However, these measures were not applied systematically; only 34% consistently look for ticks after being in an at-risk area, and only 57% said they “often” wear covering clothing as protection.
Among those who have been bitten, 67% used a recommended tool to remove the tick, such as a special remover or pair of tweezers, to remove the insect without crushing it (and thereby making the bite worse).
However, 24% used non-recommended products on the bite, such as oil, rubbing alcohol or other products, “which have not been shown to be effective by any study”, SPF said.
The report stated: “Early detection of the first signs and consultation with a doctor is essential to prevent the development of the disease.”
Where in France is Lyme disease most common?
An estimated 15% of ticks in France are carriers of Lyme disease; with the majority of cases recorded in Grand Est, Bourgogne-Franche-Comté, Auvergne Rhône-Alpes and Nouvelle Aquitaine.
There were 50,133 new cases of Lyme disease reported in mainland France in 2019, figures from research programme CiTIQUE show. CiTIQUE is an initiative founded in 2017 as part of the national plan against Lyme disease.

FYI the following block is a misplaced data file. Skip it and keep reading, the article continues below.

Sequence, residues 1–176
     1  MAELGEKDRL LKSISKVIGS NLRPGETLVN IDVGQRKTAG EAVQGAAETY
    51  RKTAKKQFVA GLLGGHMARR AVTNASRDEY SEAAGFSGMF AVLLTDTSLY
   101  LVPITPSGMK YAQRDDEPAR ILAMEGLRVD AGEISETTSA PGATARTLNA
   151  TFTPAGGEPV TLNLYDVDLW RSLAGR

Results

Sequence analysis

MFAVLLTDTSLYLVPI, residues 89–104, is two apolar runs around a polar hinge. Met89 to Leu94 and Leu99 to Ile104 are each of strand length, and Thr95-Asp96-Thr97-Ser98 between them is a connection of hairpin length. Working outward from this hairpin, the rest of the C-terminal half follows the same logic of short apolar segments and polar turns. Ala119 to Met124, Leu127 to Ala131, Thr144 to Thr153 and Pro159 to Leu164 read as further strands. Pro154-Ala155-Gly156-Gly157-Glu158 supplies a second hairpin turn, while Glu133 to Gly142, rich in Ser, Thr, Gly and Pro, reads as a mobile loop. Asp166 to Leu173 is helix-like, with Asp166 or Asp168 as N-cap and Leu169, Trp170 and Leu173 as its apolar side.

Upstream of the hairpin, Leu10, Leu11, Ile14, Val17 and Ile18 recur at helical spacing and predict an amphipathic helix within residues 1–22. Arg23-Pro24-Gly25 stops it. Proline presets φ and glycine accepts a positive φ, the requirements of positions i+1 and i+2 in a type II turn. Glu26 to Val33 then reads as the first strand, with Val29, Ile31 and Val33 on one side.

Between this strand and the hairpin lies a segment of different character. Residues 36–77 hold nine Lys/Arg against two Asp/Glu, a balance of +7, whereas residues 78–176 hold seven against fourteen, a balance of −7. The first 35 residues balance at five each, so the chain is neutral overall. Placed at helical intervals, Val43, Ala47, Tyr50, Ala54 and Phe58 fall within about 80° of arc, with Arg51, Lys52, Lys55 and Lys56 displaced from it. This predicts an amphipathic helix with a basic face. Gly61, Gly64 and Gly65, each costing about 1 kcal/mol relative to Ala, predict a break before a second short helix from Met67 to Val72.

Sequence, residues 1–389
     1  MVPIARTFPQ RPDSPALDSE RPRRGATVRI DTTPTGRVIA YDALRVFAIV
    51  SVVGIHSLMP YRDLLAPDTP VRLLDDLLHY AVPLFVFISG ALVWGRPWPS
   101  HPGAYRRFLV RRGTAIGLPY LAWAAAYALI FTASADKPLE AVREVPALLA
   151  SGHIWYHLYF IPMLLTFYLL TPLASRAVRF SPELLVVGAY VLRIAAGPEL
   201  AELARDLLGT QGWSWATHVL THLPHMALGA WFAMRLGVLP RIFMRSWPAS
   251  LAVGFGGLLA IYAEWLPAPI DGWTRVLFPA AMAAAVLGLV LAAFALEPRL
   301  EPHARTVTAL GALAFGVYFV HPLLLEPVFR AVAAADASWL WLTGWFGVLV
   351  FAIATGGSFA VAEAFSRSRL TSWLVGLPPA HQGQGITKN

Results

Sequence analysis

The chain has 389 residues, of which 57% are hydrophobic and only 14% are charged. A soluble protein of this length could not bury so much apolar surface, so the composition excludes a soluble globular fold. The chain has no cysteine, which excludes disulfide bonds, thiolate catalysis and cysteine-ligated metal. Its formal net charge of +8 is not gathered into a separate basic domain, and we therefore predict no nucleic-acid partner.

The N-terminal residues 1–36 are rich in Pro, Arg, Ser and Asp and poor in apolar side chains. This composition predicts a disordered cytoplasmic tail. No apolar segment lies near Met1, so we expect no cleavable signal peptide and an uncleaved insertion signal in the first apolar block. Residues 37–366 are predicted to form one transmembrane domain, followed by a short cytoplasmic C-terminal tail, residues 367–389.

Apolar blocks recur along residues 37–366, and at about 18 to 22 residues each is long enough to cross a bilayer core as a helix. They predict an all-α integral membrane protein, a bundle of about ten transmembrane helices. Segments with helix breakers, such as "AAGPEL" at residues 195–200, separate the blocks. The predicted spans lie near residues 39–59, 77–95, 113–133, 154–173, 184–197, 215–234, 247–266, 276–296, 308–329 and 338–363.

Read more and see a map: Where in France you are most at-risk from Lyme disease ticks
What is Lyme disease?
Often known as an “invisible disease”, it can affect anyone. It is transmitted by tick bites, which are carriers of the bacteria Borrelia burgdorferi sensu lato.
It can cause muscle spasms and paralysis, intense migraines, fever, dizziness, fatigue, and balance problems. Its symptoms often appear similar to those of other conditions, making it difficult to diagnose.
Some doctors even still disagree on the extent of the condition and it is often confused for psychological problems.
How can I avoid tick bites?
Use an anti-tick spray
Wear long, light-coloured clothing to cover excess skin and allow you to see ticks if they appear
Make sure children wear hats, especially if they are playing in grass or have their head near tall bushes and grasses
When you return from outside, wash your clothes at 60C, or tumble dry them for at least an hour, as ticks do not like dry heat
Carefully check your skin, especially in folds of skin or private areas, to check there are no ticks
Check the fur or skin of pets too, as they can become tick ‘hosts’ and bring them indoors
What if I think I have been bitten?
If you do suspect or know you have been bitten, you are advised to:
Pull the tick ‘head’ off with tweezers, taking care to remove it in one quick movement, without crushing its body or head
Check the tick bite area of your skin and stay alert to your general health and any symptoms over the next month; tick bites that cause Lyme can often lead to a “bull’s eye” red ring around the bite
Ask a health professional to remove the tick as soon as possible if you are not able to remove it yourself
Request preventative antibiotic treatment against Lyme disease within the next 24-48 hours, from your nearest doctor or health professional, to avoid developing the disease long-term.